The rule of thumb for border design, or at least a place to start on a field, is 5 gallons per minute (gpm) per foot of width for a 1,320-foot run length and 10 gpm per foot of width for a 2,640-foot run length (Figure 1). These flow rates give approximately a 12-hour set time, depending on field width, soil type, well yield, starting soil moisture deficit, and field roughness. Good field records where borders are installed can help "fine tune" the border widths in future years.
Design your border irrigation system for convenience (12- or 24-hour sets) to conserve the most water and labor during the irrigation season. This also benefits the crop by not allowing long, slow irrigation sets that often are counter productive to an irrigation response.
Sometimes 12-hour sets are not the most efficient for fitting an even number of borders into a field. If it is more convenient, or it fits the field better, use 24-hour sets. Irrigation times longer than 24 hours are not recommended; however, research shows 48 hours to be the maximum set time for flood irrigation of soybeans. For a starting point, design 24-hour sets at half the flow rate per unit width indicated (Figure 1).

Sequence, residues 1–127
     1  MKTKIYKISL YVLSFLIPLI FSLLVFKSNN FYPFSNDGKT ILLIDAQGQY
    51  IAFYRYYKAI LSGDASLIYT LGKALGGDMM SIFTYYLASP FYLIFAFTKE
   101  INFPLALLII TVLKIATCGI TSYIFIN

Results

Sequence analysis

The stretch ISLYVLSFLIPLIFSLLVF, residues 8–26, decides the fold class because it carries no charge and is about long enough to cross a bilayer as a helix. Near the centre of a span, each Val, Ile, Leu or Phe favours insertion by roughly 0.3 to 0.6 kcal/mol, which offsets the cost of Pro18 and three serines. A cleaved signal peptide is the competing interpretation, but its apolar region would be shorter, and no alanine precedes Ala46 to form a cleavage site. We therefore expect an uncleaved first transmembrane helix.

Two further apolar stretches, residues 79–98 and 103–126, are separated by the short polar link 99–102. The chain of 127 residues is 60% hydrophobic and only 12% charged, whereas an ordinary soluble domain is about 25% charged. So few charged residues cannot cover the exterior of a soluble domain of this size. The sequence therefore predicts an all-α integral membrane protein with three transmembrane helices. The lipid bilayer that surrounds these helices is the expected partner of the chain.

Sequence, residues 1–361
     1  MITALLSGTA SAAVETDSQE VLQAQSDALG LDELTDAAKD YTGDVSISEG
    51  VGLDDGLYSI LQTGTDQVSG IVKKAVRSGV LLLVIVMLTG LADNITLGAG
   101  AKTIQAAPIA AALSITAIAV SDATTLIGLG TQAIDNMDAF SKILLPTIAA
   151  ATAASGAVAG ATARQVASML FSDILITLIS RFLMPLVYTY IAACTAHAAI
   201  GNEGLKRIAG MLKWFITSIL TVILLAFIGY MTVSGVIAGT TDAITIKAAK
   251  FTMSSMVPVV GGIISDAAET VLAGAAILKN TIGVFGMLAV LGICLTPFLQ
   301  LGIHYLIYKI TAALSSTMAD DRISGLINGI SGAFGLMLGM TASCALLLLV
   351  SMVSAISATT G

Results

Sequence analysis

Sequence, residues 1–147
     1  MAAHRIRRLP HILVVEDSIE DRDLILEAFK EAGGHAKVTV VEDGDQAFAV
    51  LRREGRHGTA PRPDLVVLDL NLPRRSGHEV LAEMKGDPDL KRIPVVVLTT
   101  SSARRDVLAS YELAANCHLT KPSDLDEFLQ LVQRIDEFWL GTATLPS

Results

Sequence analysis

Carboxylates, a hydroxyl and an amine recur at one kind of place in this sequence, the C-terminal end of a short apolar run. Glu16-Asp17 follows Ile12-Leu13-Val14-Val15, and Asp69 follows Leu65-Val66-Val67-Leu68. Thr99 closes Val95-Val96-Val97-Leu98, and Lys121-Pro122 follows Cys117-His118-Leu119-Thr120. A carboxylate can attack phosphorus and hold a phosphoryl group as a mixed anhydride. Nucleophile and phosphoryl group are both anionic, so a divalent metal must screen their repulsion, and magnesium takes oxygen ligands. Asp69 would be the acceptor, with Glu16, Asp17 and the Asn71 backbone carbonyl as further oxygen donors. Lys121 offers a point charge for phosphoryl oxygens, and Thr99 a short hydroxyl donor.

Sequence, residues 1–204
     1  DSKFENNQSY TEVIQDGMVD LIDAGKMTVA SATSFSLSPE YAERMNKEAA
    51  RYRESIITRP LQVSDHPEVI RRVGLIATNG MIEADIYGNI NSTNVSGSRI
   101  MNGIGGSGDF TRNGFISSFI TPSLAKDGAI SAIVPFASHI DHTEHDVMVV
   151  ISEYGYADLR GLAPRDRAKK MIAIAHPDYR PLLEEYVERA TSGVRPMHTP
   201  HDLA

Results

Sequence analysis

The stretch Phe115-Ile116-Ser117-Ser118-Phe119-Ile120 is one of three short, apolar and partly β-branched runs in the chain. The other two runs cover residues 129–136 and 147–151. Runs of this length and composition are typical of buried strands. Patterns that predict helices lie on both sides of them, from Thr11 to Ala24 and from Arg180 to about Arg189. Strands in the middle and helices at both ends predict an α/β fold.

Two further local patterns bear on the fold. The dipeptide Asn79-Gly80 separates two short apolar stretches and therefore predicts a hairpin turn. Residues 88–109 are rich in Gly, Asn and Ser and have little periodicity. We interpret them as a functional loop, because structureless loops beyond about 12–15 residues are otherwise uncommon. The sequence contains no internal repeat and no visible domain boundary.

The equation for designing borders in its simplest form:
|Qu||=||Flow rate per unit foot in cubic feet per second. Qu multiplied by 450 will give the flow rate per unit foot in gallons per minute per foot of width.|
|L||=||Length of the field in feet.|
|S0||=||Slope of the field in feet per foot.|
|n||=||Roughness coefficient between 0.15 and 0.25, with 0.25 being rougher.|
|Qu × 450 = gpm/foot|